Durham, N.C. — On behalf of Democracy North Carolina, the League of Women Voters of North Carolina and eight individual voters, the Southern Coalition for Social Justice, Fair Elections Center and pro bono counsel from law firm WilmerHale have formally requested that a federal court temporarily amend some of the state’s voting laws to guarantee that North Carolinians can vote safely in November’s general election in the wake of the COVID-19 pandemic.
In a memo and accompanying witness statements filed this morning in the U.S. Middle District of North Carolina, the plaintiffs in Democracy North Carolina et al vs North Carolina State Board of Elections et al outline the likely chance of a high rate of COVID-19 in October and November and the challenge that could create for both vote-by-mail and in-person voting.
“If this Court does not relax the state’s unconstitutionally burdensome registration and voting requirements for mail-in absentee and in-person voting—relief that the Plaintiffs request solely for the November 2020 general election—Plaintiffs and countless North Carolina voters will not be able to vote in that election, or will have to choose between foregoing this right and risking their health and the health of family members,” the memo states.
The memo also emphasizes the need for quick action, since many of the voter materials required for November’s elections, such as absentee ballots, are typically prepared and printed in June.
Among the specific actions requested by the Plaintiffs are:
● Waiving the requirement that voter registration applications be submitted at least 25 days before the election, changing it instead to the Saturday before.
Making it easier to request and submit an absentee ballot, including waiving the witness requirement and allowing absentee ballots to be requested via phone, email or online.
Creating a process for absentee ballots to be submitted in a manner other than by mail, such as contactless drop boxes where they could be delivered.
Making in-person voting safer, including loosening restrictions on poll worker recruitment, creating greater flexibility in early voting sites and providing personal protective equipment to all precinct workers.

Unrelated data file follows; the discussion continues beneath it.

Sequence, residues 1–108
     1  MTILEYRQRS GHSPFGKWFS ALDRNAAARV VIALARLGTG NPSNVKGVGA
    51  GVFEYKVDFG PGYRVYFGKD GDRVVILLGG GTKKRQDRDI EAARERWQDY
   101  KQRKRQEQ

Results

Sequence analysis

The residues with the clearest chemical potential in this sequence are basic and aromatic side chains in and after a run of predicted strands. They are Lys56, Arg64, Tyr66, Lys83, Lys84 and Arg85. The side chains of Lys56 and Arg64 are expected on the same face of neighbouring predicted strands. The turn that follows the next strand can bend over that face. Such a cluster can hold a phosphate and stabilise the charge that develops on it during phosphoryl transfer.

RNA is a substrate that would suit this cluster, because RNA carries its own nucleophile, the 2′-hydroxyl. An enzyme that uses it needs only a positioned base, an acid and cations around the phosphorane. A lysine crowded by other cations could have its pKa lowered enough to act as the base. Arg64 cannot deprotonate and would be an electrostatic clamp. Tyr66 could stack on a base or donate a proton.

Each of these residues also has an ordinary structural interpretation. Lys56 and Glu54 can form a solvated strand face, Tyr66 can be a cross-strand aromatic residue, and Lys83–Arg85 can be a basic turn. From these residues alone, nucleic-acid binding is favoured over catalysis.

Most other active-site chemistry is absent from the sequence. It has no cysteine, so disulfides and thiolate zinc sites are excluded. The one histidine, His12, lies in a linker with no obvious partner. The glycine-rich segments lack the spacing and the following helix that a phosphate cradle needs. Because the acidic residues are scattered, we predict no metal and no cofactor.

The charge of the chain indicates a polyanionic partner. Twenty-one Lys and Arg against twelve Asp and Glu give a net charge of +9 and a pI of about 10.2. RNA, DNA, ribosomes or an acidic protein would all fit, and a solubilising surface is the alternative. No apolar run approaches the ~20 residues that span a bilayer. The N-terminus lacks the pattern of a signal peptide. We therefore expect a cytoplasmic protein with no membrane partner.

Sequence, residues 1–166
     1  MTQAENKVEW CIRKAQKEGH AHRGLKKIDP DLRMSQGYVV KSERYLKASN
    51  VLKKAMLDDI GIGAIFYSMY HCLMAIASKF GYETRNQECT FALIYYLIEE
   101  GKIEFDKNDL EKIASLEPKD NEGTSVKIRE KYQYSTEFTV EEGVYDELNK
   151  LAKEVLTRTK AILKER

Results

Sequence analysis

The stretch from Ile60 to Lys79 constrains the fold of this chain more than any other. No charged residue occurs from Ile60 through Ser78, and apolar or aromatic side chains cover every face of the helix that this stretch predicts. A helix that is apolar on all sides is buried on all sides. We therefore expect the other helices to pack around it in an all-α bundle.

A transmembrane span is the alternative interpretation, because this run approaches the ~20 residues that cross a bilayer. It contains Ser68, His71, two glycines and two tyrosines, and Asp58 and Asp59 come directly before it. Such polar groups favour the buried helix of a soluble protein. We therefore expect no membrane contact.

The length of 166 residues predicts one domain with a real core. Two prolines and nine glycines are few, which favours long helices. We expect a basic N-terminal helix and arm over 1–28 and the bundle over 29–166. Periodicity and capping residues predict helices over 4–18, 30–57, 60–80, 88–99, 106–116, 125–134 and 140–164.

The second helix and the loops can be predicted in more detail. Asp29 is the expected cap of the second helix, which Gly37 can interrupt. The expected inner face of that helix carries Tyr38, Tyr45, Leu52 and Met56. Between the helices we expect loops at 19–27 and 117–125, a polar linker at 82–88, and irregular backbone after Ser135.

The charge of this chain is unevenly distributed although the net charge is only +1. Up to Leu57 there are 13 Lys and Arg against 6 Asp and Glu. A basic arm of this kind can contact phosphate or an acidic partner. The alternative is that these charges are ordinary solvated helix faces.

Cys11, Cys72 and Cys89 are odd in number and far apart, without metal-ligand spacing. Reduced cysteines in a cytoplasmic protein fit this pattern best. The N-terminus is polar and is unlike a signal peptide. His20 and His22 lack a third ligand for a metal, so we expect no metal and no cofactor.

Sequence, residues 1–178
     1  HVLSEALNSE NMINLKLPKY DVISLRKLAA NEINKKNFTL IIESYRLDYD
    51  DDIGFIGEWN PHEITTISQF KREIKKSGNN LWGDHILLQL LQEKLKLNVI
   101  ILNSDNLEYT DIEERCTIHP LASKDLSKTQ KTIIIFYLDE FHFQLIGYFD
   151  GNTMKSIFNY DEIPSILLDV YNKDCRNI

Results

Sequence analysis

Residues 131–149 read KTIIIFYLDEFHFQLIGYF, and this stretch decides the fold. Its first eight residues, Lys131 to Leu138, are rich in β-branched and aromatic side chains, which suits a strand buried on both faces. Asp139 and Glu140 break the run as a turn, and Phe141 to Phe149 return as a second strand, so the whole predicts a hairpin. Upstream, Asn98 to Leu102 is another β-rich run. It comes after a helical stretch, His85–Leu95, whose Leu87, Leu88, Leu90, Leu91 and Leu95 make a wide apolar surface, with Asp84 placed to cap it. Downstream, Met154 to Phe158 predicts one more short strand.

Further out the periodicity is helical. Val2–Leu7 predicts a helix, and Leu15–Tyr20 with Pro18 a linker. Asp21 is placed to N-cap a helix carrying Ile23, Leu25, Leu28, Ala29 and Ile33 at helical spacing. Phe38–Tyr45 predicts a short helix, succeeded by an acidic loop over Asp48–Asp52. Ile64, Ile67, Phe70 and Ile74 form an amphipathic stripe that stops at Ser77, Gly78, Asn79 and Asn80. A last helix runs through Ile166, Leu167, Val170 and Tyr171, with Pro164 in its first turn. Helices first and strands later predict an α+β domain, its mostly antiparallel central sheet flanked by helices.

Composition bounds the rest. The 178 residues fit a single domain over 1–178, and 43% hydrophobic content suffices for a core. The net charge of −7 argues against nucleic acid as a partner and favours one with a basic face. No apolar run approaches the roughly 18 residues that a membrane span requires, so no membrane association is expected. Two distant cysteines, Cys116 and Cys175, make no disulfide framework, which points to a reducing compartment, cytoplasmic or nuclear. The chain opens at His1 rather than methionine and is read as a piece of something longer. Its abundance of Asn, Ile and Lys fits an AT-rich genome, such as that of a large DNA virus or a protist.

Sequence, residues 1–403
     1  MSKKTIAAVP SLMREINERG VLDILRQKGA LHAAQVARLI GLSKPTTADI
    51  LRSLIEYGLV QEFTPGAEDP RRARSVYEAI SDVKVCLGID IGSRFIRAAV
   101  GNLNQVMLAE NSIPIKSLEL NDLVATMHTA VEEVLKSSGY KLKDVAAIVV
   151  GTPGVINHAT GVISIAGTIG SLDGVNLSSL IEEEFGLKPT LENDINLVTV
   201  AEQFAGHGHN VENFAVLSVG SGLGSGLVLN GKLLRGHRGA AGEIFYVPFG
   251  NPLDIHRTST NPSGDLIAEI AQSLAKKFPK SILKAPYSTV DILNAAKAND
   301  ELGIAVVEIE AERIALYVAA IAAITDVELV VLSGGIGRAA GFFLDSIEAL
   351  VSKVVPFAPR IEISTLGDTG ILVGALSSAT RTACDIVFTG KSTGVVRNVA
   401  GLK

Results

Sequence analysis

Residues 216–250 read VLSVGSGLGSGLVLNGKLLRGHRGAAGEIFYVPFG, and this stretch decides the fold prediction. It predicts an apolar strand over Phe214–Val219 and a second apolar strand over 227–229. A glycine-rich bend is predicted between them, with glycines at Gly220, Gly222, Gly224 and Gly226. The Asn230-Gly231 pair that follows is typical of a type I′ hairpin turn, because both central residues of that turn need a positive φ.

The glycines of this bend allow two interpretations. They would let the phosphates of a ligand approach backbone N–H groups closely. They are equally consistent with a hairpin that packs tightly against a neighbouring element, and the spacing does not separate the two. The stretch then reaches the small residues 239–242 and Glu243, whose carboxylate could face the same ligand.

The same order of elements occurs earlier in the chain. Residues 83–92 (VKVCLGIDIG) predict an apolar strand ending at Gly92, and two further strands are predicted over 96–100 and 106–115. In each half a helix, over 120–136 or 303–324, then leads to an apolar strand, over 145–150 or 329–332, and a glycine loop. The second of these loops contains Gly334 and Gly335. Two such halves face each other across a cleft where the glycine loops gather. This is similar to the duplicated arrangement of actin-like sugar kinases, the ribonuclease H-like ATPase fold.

“To guarantee election integrity, we need to make sure all eligible voters have the chance to make their voices heard in November,” said Allison Riggs, Chief Counsel for Voting Rights and Interim Executive Director of the Southern Coalition for Social Justice. “Since the North Carolina General Assembly has failed to act swiftly to address the concerns raised around creating a safe voting environment in November, we are asking the Court to take the action needed. No voter should have to risk their health to cast their ballot, regardless of what manner of voting they choose.”
“Given the dangers posed by the COVID-19 pandemic, the time to step up and protect voters is now,” said Fair Elections Center Senior Counsel Jon Sherman. “Making elderly voters and those with compromised immune systems choose between their health and making their voices heard in an election is undemocratic. No matter how a voter chooses to vote, the process should be safe and fair."
LWVNC President Jo Nicholas said: “Local county boards of elections must have as much flexibility as possible to operate as many polling sites as possible in what is expected to be a very challenging early voting environment. Local boards of elections will be scrambling to find locations that offer the space to provide social distancing, not only for voters, but for precinct workers. In addition, it is expected that some sites usually available for voting may become unavailable if the proprietors are uncomfortable giving the public broad access to their facilities. Allowing different sites to be open at different times will give more voters access to safe in-person voting options, reducing the possibility of long lines.”
“The LWVNC recognizes that this will be a unique election and our usual voter education will be under greater constraints. Voters have already communicated to us their concerns and their confusion. In order to effectively undertake our voter education and assistance initiatives, we need the ability now to give voters the information and reassurance that they will be able to vote safely in November. It is crucial for us to convey to our members and the voters in their communities that this most critical election will be handled by our government with the professional confidence that other elections have had in North Carolina, and that their votes will be received at their boards of elections and will be counted.”